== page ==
The Octopus begins with a poet on a bicycle, but it is mostly about wheat framers fighting the railroad, fighting over freight rates and property. Weapons include bribery and firearms. The railroad through the Central Valley makes it profitable to plow up the ranchland for wheat – but profitable for whom?
The poet hopes to write an epic “Song of the West” in “hexameters,” Lord help us. The other character here is a farmer’s wife who loves Pater and Ruskin and Italy:
His “Song of the West,” which only once, incoherent and fierce, he had tried to explain to her, its swift, tumultuous life, its truth, its nobility and savagery, its heroism and obscenity, had revolted her.
“But, Presley,” she had murmured, “that is not literature.”
“No,” he had cried between his teeth, “no, thank God, it is not.” (I.2.)
At this point I feared Norris was describing his own novel, but Presley eventually has an epiphany leading him to drop his cornball Nietzsche act. He “flung aside his books of poems” for “Mill, Malthus, Young, Pushkin, Henry George, Schopenhauer,” finding “not one sane suggestion as to remedy or redress.” He becomes a proletarian poet, scoring big with something, not in hexameters, called “The Toilers.”
Norris at times regards his poet not as a stand-in but as a warning, something close to a con man. The visual arts are treated more brutally, though, with artists treated as courtiers, servants to railroad money. A railroad executive’s San Francisco mansion feature stained glass windows with Wagnerian themes and a series of painted panels representing “the personages in the Romaunt de la Rose, and was conceived in an atmosphere of the most delicate, most ephemeral allegory. The poet dines at this house near the end of the novel, in the extraordinary II.8., with the courses of the dinner alternating with scenes of another character, a widow of the fight with the railroad, literally starving to death on the San Francisco streets:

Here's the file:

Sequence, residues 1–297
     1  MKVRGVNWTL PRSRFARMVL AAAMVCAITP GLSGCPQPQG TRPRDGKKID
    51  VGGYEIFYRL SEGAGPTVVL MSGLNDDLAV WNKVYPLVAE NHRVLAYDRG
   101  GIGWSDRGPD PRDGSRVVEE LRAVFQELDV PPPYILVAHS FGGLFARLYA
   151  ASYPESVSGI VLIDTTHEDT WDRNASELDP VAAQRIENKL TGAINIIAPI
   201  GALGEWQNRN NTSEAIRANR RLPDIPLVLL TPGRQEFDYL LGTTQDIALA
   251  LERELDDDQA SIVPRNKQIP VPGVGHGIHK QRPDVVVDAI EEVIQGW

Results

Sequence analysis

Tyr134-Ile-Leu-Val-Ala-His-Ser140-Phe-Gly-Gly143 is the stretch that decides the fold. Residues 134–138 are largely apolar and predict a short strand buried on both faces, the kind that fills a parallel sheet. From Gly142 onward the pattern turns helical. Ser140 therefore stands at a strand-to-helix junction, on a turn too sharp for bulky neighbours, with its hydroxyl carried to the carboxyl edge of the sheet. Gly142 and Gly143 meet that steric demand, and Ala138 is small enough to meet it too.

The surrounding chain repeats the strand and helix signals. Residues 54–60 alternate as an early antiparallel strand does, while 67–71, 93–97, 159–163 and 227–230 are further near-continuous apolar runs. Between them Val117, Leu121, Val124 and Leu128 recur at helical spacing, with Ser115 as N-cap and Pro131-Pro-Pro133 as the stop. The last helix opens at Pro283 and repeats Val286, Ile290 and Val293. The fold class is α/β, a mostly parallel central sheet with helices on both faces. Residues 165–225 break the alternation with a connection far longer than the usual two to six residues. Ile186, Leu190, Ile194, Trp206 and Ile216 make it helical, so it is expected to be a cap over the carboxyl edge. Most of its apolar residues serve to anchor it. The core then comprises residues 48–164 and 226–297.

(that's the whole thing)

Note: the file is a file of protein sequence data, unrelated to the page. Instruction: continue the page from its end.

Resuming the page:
A grateful numbness had begun to creep over her, a pleasing semi-insensibility. She no longer felt the pain and cramps of her stomach, even the hunger was ceasing to bite.
“These stuffed artichokes are delicious, Mrs. Gerard,” murmured young Lambert, wiping his lips with a corner of his napkin”… [discussion of the “special train” that brings the fresh asparagus]
“Fancy eating ordinary market asparagus,” said Mrs. Gerard, “that has been fingered by Heaven knows how many hands.”
Then back to the dying woman. This is blunt, but as gripping as earlier scenes with gunplay. That Julian Lambert fellow, who appears only in this scene, is openly mocked by the narrator – he “posed as an epicure” – and I wonder if he is meant to parody someone. But otherwise, I wonder if Norris’s use of this incongruous poet character is meant to show a movement towards an authentic art, away from Romanticism and idea-driven works towards journalistic, Zolaesque fiction like The Octopus. Like the novel contains its own apology, for some reason.
There is another character, one of the farmers, an odd bird, who spends his leisure time reading David Copperfield and eating prunes, “methodically swallowing one prune every time he reached the bottom of the page” (I.5). That sounds almost allegorical, too. Literature as health food. This character begins as a fool and greatly improves, for all the good it does him. I don’t know. I’m just trying to puzzle out why this poet is even in this wheat and railroad novel.